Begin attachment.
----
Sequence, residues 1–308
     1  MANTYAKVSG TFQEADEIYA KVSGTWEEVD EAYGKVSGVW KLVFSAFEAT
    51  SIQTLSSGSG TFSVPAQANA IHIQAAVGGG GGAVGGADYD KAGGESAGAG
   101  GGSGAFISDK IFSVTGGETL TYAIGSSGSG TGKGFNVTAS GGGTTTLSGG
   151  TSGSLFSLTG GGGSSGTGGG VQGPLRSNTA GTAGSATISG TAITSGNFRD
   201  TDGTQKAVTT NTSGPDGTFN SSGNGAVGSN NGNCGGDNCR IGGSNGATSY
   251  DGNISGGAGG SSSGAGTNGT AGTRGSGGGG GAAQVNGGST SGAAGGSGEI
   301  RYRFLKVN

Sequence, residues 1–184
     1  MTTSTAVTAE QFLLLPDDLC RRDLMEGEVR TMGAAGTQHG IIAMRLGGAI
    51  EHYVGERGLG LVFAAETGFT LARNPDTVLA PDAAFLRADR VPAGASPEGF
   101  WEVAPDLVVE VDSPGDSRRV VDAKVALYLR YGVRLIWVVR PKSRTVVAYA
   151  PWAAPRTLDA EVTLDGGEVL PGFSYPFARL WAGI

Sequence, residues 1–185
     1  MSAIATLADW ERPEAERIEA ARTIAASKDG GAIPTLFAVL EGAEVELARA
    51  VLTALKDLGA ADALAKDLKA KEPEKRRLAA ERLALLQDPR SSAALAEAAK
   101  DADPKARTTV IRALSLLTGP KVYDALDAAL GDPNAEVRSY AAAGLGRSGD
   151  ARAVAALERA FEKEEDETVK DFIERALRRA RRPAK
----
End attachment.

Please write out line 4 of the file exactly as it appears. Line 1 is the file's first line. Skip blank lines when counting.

   101  GGSGAFISDK IFSVTGGETL TYAIGSSGSG TGKGFNVTAS GGGTTTLSGG